“We do find that some babies will refuse bottles despite their parents’ best efforts,” Giordano added. “Of course this is super stressful for parents and adds to the already mounting ‘return to work anxiety.’ The good news is that once your baby and their caregiver establish their own routines, this problem usually resolves.”
The first week is usually a tough transition for everyone. Don’t get frustrated if something isn’t working.
3. Know your childcare provider’s rules.
Any childcare provider with multiple breastfed infants should require that all breastmilk be marked with the child’s name, the date it was expressed and the ounces. In addition, most will have rules about the age of breastmilk (both frozen and fresh). Knowing the rules will help prevent waste. I once had to throw away 18 ounces of breastmilk because both the teacher and I thawed frozen bags for the same day. (Yeah, I’m still bitter about that.)
4. Know your rights.
According to provisions in the 2010 Affordable Care Act (ACA):
• You have a right to take unpaid breaks to pump whenever you need.
• You have a right to a place to pump at work other than a bathroom. (If you wouldn’t eat your lunch there, you shouldn’t pump there.)
Individual state laws may provide additional rights as well. It’s important to know the rights granted by your state and any exceptions to federal and state laws governing your employer. For example, if your employer has fewer than 50 employees they may be exempt from the ACA.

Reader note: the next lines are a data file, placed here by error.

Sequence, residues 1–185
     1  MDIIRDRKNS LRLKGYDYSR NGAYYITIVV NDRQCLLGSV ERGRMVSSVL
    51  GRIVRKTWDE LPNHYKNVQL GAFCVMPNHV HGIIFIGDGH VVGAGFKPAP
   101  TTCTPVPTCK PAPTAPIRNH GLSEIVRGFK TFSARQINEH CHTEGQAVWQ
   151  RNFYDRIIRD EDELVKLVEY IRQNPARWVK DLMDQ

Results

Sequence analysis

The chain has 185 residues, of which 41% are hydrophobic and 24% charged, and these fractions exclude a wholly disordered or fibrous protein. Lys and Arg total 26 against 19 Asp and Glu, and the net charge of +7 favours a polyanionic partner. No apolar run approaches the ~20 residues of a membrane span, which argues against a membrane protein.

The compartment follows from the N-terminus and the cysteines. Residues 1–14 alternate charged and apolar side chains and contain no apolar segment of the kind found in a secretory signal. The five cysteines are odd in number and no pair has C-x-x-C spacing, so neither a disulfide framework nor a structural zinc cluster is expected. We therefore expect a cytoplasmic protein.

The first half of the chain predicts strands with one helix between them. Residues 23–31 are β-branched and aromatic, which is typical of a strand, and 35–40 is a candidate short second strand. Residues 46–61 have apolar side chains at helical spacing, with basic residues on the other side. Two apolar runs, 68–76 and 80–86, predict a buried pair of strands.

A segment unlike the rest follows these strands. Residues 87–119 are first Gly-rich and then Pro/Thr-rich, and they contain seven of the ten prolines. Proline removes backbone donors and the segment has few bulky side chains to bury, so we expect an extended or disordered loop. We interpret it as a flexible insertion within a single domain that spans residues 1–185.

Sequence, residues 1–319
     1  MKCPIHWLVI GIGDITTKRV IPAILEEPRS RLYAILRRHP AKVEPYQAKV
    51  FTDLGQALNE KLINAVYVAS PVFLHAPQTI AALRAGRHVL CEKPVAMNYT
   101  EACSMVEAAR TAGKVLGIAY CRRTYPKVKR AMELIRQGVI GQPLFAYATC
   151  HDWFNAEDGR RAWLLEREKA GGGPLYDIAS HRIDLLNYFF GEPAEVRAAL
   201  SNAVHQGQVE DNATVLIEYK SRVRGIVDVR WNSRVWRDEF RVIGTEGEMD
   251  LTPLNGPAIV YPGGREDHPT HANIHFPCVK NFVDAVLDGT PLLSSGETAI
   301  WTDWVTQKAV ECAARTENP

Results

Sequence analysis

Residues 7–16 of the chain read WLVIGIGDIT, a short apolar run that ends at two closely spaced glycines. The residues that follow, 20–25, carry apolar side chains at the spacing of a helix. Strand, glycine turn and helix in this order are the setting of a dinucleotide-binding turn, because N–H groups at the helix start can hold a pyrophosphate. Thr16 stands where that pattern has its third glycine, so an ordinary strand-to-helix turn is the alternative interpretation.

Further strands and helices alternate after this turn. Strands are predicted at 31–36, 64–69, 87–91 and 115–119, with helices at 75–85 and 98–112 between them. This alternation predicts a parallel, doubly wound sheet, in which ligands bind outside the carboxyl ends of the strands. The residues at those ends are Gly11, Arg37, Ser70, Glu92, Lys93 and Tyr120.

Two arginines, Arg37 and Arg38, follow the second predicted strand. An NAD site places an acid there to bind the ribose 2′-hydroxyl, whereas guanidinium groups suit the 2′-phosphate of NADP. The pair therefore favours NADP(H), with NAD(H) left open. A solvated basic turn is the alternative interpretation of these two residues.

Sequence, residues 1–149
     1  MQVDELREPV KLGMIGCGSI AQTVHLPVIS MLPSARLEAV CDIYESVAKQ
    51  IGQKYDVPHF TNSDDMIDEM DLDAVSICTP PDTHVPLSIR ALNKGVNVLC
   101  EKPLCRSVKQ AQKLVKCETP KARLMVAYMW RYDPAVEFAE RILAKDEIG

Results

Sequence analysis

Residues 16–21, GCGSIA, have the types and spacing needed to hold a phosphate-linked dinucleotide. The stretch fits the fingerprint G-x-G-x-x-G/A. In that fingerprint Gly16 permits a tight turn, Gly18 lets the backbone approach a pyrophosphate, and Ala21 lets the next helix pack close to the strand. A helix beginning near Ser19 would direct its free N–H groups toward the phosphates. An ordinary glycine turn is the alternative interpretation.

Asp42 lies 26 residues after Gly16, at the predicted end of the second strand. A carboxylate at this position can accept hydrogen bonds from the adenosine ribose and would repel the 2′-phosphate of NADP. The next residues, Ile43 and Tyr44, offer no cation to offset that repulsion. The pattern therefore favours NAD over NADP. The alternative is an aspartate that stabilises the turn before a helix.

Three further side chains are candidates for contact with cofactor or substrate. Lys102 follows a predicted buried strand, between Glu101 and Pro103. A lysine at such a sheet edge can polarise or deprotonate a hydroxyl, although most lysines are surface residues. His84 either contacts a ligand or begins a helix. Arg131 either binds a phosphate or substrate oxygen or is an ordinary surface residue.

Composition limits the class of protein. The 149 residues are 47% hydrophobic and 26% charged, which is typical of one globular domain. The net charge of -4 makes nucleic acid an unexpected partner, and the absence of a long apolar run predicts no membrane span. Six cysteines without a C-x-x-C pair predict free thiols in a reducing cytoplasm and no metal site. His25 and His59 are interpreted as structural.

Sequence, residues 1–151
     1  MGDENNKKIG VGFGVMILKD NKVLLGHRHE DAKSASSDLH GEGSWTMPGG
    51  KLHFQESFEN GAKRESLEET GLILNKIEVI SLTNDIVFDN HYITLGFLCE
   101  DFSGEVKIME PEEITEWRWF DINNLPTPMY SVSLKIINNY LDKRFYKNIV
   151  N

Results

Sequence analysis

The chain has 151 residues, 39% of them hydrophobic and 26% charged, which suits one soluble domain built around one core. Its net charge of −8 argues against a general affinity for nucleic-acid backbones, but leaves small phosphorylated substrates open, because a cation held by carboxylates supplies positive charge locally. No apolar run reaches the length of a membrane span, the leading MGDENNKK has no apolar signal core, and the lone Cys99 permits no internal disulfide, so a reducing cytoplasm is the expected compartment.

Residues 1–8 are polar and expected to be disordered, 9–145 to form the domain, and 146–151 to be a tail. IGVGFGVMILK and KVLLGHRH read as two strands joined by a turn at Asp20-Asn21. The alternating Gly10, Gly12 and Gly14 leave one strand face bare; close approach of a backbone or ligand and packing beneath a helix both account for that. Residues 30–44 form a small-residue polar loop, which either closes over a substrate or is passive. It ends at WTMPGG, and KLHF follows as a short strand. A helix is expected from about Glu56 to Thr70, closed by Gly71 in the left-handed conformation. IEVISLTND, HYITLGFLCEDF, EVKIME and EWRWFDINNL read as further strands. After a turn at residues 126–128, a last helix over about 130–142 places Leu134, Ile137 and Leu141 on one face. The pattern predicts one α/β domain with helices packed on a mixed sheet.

5. Before you return to work, notify your employer that you intend to express milk.
You need to know where you’re going to pump and store your milk. They probably want to know why you disappear for 15 minutes, three times a day. It’s probably not a conversation you’re eager to have with your boss or HR personnel, but it’s an important one. Having your employer’s support (or at least making your employer aware that you’ll be exercising your rights to express milk) is key to pumping success.
6. Brace yourself.
Unless you work at a strip club, the first time you expose your breasts a work, even behind closed doors, is beyond awkward. What if someone walks in? What if my coworkers hear the pump? Is the printer paper I taped on the window really opaque? Just make sure the door has a lock and try not to worry what anyone thinks.